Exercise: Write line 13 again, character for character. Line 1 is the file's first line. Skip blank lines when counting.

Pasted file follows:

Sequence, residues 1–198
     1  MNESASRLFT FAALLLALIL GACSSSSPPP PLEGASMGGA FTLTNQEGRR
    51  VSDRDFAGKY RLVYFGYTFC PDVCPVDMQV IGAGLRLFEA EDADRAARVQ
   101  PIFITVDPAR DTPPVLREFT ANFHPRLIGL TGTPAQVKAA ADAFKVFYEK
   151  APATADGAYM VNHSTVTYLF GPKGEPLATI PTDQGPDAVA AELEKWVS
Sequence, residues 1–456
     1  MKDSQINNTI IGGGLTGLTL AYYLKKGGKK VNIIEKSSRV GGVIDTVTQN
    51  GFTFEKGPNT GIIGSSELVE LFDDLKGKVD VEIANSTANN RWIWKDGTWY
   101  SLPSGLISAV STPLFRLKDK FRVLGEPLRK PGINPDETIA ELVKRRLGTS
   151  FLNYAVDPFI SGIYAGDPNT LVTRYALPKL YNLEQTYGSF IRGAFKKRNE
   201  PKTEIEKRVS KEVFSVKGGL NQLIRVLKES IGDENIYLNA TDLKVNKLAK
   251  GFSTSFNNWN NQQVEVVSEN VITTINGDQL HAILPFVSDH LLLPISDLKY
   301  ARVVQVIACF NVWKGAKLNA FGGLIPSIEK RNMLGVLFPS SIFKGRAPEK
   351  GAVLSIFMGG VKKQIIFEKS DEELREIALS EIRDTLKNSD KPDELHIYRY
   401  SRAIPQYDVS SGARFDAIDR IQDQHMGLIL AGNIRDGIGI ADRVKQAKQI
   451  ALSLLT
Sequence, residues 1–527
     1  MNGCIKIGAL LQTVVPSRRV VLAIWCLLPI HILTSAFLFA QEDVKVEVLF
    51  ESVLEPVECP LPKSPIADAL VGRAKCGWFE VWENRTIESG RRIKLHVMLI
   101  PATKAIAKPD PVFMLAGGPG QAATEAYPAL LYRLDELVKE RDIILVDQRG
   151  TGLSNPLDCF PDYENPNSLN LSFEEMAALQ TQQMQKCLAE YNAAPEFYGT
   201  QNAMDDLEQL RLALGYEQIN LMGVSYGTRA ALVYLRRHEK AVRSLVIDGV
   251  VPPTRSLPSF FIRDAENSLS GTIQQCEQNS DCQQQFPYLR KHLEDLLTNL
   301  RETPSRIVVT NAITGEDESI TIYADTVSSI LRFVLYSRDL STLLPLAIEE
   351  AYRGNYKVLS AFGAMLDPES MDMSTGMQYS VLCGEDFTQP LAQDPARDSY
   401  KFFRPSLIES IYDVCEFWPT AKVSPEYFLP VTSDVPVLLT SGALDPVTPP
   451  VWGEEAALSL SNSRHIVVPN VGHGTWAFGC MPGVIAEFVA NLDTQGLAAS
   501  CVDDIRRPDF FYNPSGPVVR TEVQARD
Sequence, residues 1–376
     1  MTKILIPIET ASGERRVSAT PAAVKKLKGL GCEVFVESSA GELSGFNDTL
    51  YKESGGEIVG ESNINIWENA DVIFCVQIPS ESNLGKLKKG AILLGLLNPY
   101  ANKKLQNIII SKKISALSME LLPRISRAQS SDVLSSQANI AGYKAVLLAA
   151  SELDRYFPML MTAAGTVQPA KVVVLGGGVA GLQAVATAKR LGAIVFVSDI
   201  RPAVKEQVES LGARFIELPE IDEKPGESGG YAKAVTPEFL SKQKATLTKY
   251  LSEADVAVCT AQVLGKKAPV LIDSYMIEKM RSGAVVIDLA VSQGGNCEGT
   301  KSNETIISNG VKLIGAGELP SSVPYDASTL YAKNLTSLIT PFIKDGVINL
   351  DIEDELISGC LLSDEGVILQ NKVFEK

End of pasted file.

   301  ARVVQVIACF NVWKGAKLNA FGGLIPSIEK RNMLGVLFPS SIFKGRAPEK